The Financial Industry Regulatory Authority closed a brief and well-publicized episode of cowboy capitalism at the start of May by sanctioning a number of big Wall Street brokerages for a total of $9.1 million for violating the regulator’s rules for improper sales of leveraged and inverse ETFs in 2008 and 2009.
Firms, including Morgan Stanley, Citigroup, UBS AG and Wells Fargo & Co., were fined more than $7.3 million and must pay a total of $1.8 million in restitution to certain customers who made unsuitable purchases of leveraged and inverse ETFs, FINRA said in a May press release. Such ETFs now account for about 2.5 percent of the $1.208 trillion in U.S.-listed ETF assets.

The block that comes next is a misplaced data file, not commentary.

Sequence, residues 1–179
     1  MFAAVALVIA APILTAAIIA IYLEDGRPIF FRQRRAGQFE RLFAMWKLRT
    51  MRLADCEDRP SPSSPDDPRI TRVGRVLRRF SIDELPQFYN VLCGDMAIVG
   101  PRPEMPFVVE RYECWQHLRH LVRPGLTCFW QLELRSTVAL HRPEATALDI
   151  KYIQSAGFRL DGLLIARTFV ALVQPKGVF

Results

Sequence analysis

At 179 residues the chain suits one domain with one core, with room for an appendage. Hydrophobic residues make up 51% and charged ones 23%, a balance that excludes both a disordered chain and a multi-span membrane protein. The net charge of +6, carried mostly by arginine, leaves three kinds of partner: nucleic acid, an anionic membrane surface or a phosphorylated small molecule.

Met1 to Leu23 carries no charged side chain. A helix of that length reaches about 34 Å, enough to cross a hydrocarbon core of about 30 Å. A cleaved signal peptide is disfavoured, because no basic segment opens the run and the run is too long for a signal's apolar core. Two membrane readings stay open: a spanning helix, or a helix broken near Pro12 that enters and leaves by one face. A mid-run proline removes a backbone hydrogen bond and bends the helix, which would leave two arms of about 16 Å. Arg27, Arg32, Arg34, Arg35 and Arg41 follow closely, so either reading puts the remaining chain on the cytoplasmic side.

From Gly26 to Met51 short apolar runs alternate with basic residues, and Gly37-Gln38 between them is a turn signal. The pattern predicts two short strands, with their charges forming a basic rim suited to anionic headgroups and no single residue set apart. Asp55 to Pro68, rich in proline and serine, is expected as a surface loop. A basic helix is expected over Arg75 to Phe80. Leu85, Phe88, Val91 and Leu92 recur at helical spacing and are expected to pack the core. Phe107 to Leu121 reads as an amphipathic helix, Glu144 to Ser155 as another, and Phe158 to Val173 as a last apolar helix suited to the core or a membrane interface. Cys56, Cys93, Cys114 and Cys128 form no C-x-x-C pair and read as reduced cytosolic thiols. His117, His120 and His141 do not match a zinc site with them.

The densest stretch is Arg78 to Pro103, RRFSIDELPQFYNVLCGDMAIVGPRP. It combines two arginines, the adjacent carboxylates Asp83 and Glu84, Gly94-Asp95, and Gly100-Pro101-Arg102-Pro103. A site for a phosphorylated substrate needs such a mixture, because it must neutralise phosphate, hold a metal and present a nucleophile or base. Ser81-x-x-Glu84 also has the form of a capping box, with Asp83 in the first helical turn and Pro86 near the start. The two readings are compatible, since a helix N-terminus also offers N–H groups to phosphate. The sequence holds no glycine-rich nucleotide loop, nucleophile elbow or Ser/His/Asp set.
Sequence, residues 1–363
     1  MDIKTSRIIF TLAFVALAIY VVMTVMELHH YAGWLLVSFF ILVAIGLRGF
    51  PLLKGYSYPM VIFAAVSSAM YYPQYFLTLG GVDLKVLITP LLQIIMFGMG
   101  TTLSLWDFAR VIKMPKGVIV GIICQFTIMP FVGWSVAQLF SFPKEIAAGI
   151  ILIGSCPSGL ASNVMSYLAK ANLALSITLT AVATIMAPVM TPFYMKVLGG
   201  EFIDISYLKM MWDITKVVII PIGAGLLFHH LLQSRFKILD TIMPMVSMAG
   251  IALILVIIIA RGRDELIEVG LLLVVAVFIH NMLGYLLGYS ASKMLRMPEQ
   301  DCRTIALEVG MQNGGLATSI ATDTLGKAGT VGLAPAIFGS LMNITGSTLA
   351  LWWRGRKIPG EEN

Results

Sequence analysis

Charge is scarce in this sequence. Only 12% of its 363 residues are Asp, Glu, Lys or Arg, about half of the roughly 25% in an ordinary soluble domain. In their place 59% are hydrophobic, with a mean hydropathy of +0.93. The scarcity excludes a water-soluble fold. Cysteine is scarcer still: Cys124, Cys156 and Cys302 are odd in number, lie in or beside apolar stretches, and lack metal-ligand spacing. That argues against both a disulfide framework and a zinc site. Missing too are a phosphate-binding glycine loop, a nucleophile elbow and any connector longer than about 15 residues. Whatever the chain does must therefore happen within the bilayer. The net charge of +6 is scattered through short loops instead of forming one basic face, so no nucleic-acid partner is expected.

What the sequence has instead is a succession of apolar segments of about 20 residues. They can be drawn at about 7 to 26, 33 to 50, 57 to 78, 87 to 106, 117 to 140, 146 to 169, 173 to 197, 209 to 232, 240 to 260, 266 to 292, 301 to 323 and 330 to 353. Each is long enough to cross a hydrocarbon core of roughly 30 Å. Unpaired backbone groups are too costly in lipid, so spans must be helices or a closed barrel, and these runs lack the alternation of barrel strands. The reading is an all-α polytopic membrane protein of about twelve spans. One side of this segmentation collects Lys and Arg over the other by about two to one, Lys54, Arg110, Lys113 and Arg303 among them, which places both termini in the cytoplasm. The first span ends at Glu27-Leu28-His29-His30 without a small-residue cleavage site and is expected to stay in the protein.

The representatives in question also failed to properly supervise the investments once they were made, FINRA said. It also said the banks failed to establish formal training programs to teach brokers about the ETFs. Still, the regulator said that, on balance, the damage done was slight and that despite the violations, investors weren’t significantly harmed.
Further, FINRA officials stressed that the fines only apply to violations that occurred from January 2008 to June 2009, and the regulator went out of its way to say that the brokerage houses have reformed their practices.